If you live miles from the highway, your transport trucks can be at the mercy of adverse weather and road conditions. If possible, make highway access a priority for your storage facilities so that trucks can get in and out easily and make the operation more efficient.

Proximity to Fields

You’ll also want the grain storage facilities to be near the farm and fields from which grain will be hauled. Again, this helps reduce the transport time and makes the storage operation much more efficient, saving you on fuel costs and even reducing the number of trucks you need.

It may not seem like a big deal but consider how many times trucks and equipment will pass from the field to storage facilities. Making the on-farm grain storage a little closer can save you a lot of time and money in the long run.

Future Expansion

You don’t want to get too ahead of yourself, but even in the initial planning stages, you should consider the potential future expansion of your storage capabilities. After all, grain storage helps farmers save money and generate greater profits, which they can invest into expanding their storage facilities, improving profits even more.

You may have just enough space for grain bins on the farm now, but what if you wanted to add another bin or two in a few years? Keep these things in mind as you design, and you could make it much easier to expand in the future.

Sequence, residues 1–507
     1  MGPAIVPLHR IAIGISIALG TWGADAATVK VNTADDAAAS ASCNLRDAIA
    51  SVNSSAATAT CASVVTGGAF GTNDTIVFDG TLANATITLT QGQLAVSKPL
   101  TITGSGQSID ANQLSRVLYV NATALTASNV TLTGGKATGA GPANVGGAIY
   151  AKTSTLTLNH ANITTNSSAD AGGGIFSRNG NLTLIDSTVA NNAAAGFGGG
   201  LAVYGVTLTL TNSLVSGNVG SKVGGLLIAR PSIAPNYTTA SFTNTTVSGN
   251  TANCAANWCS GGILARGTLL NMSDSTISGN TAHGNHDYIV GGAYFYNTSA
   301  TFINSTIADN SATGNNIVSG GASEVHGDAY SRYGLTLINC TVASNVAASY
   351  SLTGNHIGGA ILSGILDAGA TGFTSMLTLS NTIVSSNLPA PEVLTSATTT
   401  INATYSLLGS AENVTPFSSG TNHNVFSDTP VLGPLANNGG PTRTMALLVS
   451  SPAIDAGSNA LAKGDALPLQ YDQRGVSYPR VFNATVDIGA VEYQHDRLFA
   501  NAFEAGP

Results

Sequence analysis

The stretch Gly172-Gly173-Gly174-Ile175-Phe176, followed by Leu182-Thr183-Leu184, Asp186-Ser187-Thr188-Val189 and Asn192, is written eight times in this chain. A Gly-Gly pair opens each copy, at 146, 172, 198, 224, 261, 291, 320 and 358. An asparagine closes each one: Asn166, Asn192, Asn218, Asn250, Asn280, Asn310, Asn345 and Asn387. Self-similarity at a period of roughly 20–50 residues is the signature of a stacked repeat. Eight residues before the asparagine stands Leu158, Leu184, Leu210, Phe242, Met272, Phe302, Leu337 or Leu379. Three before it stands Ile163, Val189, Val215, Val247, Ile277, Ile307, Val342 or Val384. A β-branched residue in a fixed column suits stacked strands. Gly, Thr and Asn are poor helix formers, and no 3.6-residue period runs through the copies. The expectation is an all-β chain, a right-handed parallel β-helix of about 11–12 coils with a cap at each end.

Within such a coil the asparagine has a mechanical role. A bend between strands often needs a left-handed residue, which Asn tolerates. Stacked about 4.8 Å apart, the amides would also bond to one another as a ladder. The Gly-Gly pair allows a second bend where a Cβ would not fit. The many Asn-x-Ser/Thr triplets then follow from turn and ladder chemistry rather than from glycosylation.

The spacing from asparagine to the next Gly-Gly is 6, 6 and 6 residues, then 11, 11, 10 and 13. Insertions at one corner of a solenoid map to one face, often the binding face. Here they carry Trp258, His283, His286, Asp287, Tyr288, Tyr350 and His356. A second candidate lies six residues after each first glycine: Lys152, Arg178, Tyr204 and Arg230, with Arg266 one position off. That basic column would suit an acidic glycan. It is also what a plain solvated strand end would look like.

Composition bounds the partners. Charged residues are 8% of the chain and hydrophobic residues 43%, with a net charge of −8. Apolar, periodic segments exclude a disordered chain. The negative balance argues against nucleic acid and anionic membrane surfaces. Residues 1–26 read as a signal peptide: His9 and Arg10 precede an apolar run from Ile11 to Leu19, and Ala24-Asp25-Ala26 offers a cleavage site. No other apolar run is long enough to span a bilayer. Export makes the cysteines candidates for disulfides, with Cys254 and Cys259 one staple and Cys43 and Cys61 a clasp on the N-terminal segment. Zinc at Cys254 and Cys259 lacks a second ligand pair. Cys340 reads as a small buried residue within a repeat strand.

Benefits of On-Farm Grain Storage

Why do farmers invest in on-farm grain storage in the first place? Because it offers many financial benefits, from market flexibility to real estate value!

Grain-Selling Flexibility

The primary benefit of on-site grain storage for farmers is that it gives them much greater flexibility in selling their grain. Harvest season is the worst time to sell grain, as this is when the supply is at its greatest and the prices are lowest.

But with on-farm storage, farmers can wait to sell their grain later in the year, like winter, when the supply dwindles and the demand is greater. On-site storage also means farmers can avoid expensive freight costs that are common during harvest when trucks are most in demand.

Skip the Elevator Lines

Farmers who don’t have on-site grain storage will benefit from a grain elevator. Grain elevators store and dry grain for farmers, but farmers have to pay a steep price for this benefit. Additionally, there can be many problems, like delays on heavy traffic days.

With on-site storage, farmers can skip the long lines and fees at the grain elevator and keep their grain at the farm, meaning fewer fuel costs in transporting goods to the elevator and greater efficiency.

Enhance the Farm’s Value

There’s also value in adding on-site grain storage infrastructure from a real estate perspective. On-farm storage gives the land greater capability and makes it more likely to turn a profit when selling grain, making it a more lucrative piece of land to potential buyers.

Even if you never plan to sell the farm, adding grain storage facilities makes the farming operation more attractive.

If you have further questions about grain storage facilities and equipment, don’t hesitate to ask our staff at Grain Handling Direct!

Everything You’ll Need To Establish On-Farm Grain Storage